EP REVIEW: ‘Beneath The Spinning Lights’ by Witterquick 

In a genre as jam-packed as alternative rock, bringing something different to the table is essential. Just look at today’s leading lights – Mallory Knox’s discography exudes heart and soul, Don Broco add funk and eighties influences to the typical rock formula, the list goes on. And after showing promise with support slots for Nothing But Thieves last year as well as recently being signed by LAB Records, all eyes are on Exeter quintet Witterquick to deliver with their debut EP Beneath The Spinning Lights.

And in opening track Soldiers, the talent and ambition Witterquick have in spades is totally and utterly apparent. Frontman Will Alford’s stunning falsetto which drives the verses could compete with Conor Mason’s (of Nothing But Thieves fame), and makes it totally apparent why Mason’s band chose Witterquick to share a stage with. Following that with an absolutely huge chorus and a guitar solo middle eight adds beefy and stylistic elements to the mix, and it’s refreshing to hear more members of a band given time to showboat than just the vocalist, as a lot of bands breaking through often do.

Slower ballads are also set to be a major staple of Witterquick’s discography judging by the inclusion of two in the five tracks that make up Beneath The Spinning Lights. The decision to order the tracks to go one after the other causes a bit of a lull in the EP’s pace, and it’s without a doubt felt the most with acoustic cut Wayward Signs. Its simplicity in its vocal and instrumental parts is not enough to hook anyone, let alone wow them, especially when following The Road, a more textured slice of gorgeous dreaminess and far and away the stronger ballad on the record.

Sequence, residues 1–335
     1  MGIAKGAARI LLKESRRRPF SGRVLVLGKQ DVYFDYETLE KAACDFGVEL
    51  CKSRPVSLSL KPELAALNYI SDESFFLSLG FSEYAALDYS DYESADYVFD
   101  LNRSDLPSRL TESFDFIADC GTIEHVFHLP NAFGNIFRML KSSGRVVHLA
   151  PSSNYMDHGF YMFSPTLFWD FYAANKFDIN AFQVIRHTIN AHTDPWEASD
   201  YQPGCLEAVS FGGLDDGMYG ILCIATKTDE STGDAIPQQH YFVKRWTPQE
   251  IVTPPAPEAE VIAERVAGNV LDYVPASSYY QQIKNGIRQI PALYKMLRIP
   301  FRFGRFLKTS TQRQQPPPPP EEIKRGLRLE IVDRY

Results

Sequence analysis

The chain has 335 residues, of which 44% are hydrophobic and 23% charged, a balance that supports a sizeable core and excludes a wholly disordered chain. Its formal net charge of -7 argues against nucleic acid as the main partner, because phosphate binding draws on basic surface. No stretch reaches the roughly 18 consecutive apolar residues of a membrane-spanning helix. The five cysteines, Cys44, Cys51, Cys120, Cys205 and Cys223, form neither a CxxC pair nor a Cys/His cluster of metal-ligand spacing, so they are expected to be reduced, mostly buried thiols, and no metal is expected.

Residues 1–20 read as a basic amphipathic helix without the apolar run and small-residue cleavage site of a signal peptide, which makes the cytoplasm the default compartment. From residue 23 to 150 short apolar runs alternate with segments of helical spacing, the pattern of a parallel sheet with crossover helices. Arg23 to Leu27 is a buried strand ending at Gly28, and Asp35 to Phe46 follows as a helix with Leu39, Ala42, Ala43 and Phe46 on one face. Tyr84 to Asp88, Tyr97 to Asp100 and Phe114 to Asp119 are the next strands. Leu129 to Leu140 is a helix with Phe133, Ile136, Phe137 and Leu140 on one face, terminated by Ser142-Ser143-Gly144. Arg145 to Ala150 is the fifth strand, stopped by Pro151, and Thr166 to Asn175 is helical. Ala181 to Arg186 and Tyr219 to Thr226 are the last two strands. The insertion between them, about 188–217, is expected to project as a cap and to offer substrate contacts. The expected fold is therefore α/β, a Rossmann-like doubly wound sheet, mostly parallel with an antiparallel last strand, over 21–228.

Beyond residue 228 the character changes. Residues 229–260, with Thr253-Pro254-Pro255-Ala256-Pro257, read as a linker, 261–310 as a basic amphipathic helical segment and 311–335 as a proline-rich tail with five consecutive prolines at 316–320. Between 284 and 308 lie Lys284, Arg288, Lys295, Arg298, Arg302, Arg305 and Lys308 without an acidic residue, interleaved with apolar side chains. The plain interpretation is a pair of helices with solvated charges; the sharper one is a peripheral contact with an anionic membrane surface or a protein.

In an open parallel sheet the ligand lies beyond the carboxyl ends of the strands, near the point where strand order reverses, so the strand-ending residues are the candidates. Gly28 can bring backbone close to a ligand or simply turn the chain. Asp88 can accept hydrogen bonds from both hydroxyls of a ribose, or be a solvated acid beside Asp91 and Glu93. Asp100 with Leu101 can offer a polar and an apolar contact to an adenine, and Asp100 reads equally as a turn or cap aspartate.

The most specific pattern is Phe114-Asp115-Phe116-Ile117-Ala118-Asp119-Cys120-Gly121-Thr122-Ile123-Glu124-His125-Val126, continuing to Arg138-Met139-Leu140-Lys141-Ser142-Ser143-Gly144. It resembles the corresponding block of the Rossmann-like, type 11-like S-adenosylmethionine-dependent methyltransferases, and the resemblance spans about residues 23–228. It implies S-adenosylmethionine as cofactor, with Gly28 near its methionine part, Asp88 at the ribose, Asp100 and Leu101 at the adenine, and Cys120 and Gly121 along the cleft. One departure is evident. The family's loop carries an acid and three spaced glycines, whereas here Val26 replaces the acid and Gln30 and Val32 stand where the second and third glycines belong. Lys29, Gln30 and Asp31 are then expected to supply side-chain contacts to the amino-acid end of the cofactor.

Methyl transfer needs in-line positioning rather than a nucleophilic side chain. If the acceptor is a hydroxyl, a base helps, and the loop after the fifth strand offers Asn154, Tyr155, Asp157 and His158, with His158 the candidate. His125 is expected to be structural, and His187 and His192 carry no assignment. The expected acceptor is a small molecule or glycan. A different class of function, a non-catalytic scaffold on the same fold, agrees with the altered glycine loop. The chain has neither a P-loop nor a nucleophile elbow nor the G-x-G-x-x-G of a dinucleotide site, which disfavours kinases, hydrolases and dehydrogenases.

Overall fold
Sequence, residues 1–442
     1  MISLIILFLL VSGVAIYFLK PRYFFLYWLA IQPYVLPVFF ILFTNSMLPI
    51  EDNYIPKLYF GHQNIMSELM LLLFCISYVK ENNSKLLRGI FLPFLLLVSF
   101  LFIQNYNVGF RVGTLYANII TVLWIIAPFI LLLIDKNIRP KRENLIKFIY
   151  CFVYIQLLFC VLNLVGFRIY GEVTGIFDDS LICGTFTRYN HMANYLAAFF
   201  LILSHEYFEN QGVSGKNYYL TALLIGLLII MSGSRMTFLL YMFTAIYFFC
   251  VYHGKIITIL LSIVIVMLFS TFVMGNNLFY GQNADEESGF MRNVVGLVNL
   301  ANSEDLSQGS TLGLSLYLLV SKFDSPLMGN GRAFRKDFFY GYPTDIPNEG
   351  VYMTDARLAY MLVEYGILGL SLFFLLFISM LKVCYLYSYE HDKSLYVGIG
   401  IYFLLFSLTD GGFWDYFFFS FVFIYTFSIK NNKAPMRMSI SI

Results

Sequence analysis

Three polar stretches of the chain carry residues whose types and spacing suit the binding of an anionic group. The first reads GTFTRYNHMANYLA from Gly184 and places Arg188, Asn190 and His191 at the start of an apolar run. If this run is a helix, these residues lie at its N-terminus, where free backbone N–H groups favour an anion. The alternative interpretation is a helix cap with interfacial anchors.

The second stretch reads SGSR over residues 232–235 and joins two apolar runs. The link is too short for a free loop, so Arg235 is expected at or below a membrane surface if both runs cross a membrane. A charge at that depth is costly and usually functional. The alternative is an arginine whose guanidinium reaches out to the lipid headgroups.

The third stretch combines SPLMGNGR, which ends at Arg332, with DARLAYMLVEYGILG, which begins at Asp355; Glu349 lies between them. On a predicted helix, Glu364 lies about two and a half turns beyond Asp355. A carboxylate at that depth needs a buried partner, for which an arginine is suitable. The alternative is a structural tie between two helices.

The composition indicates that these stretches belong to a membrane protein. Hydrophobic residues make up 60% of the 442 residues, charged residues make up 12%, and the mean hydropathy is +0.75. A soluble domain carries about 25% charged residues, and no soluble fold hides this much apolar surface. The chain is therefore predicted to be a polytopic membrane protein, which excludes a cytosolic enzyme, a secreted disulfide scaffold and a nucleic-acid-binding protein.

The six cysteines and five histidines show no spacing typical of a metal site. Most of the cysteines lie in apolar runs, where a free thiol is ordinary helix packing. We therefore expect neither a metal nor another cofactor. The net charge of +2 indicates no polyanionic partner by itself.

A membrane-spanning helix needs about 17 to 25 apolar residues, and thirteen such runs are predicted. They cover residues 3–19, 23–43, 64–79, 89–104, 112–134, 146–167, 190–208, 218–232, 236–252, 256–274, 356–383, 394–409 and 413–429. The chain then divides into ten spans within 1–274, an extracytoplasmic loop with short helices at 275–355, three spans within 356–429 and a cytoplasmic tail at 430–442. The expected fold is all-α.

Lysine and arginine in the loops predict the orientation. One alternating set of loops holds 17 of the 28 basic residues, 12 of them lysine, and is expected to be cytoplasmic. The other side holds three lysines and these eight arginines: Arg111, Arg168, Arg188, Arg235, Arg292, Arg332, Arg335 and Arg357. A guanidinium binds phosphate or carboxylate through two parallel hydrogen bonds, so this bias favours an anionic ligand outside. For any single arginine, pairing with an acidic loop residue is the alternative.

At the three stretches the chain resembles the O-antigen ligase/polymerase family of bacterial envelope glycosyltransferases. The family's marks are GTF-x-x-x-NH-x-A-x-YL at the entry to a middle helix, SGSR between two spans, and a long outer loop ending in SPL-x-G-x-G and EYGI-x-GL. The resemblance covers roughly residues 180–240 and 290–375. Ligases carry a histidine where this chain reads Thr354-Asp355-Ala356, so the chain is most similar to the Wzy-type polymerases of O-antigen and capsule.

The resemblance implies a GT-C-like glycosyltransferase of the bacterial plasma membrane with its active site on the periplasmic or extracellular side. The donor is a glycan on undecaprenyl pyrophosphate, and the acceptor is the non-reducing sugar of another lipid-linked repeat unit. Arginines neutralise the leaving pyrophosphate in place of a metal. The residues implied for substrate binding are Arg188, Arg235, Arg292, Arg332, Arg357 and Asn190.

But for the most part, this EP is a strong one, especially for a debut. While all bands in that top tier possess both style and substance, the focus usually leans more towards one. Witterquick have both style and substance and it’s represented effortlessly in slow-burning closer Rise. They also make a stab at a more pop-rock sound on Fade Out and the result wouldn’t sound out of place on one of Young Guns’ more guitar-oriented releases. Beneath The Spinning Lights may not immediately earn Witterquick a place in the big leagues, but it positively radiates potential. Translate that into unequivocal star quality in future releases, which they definitely can, and they’ll be a success story in no time.


For fans of: Young Guns, Mallory Knox, You Me At Six
Words by Georgia Jackson 

‘Beneath The Spinning Lights’ by Witterquick is released on 17th June on LAB Records.

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